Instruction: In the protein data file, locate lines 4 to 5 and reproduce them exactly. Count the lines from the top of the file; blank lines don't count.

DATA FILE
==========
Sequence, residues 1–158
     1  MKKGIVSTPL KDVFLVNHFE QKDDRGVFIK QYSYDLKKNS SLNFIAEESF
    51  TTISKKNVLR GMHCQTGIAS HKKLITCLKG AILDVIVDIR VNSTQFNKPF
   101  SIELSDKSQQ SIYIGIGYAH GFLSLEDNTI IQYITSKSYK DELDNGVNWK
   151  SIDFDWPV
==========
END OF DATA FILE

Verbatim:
   101  SIELSDKSQQ SIYIGIGYAH GFLSLEDNTI IQYITSKSYK DELDNGVNWK
   151  SIDFDWPV